Robert Wood Johnson Foundation: Forward Promise – Partnering with Systems to Disrupt DehumanizationDeadline: June 6, 2019
Forward Promise aims to disrupt the cycle of dehumanization that is occurring in the lives of boys and young men of color (BYMOC) and threatens to derail their life success by creating pathways to healing, growing, and thriving. Through the Partnering with Systems to Disrupt Dehumanization program, Forward Promise aims to seed new approaches by youth-serving systems to address health and trauma that are grounded in the lived experiences and cultural values, norms, and traditions of BYMOC, and the knowledge of community organizations who work with BYMOC every day. Learnings grantees may be useful in advancing a greater understanding of what it means for BYMOC to heal, grow, and thrive, and provide concrete examples of the role that culturally responsive youth-serving systems play in the health of BYMOC.
The Partnering with Systems to Disrupt Dehumanization program will support the planning, implementation, and evaluation of partnership efforts between community-based organizations and youth-serving systems such as juvenile justice, child welfare, education, housing, and health provision within their communities. These partnerships are expected to increase the understanding of issues faced by BYMOC in these systems and the historical role of dehumanization by systems; uplift the current disparities that exist in the public system; deepen knowledge of culturally responsive approaches as effective strategies for addressing trauma and promoting healing; devise a plan for working together to test approaches; and identify sustainable opportunities to change the way these systems do business and approach their work with BYMOC.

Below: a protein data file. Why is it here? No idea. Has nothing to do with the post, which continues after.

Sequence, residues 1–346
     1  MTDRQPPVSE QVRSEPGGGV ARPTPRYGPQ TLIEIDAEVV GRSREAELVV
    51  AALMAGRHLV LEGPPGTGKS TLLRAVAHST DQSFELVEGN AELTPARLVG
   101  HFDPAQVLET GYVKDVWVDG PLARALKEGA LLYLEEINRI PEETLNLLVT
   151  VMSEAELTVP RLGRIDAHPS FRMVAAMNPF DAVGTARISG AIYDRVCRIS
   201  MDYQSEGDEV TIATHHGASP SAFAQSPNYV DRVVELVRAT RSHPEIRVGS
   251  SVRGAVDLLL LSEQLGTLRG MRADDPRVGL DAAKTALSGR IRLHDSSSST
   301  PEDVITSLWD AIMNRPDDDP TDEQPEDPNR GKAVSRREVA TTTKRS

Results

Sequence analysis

Amount: Up to seven organizations will receive a grant of up to $150,000 in total over an 18-month period.
Eligibility: Organizations and/or institutions engaged in existing partnerships between community-based organizations and youth-serving systems that are actively trying to improve access to, and the quality of, services that support BYMOC to heal from trauma and attain overall health and well-being. Applicants should have evidence that their programs are improving outcomes for BYMOC. Additional eligibility is detailed below:
- Applicant organizations must be based in the United States or its territories.
- Preference will be given to applicants that are either public entities or nonprofit organizations that are tax-exempt under Section 501(c)(3) of the Internal Revenue Code and are not private foundations or Type III supporting organizations.
- While each collaborating organization must be described in detail in the proposal, only one organization may represent the collaboration and be the lead contact in the application process. This lead applicant may be either a community-based organization partner, or a systems partner, but preference will be given to applications from community-based organizations.
- Applicant organizations that serve both young men and women will be considered, but they must demonstrate an explicit emphasis on improving outcomes for BYMOC. Additionally, preference will be given to organizations whose programs are made up of at least 50 percent male participants.
- The applicant must have the administrative and financial capacity (i.e., proper governance, sufficient staffing and strong policies, procedures, and internal controls) to manage an award of the size being requested and may be asked to provide financial and other information to support this capability as part of the review and selection process.
Note: The Foundation will support existing partnerships at varying stages of their development, with younger partnerships primarily focusing their efforts on strengthening and formalizing the partnerships, while more mature ones may already be ready to pilot and evaluate new approaches to better serve BYMOC.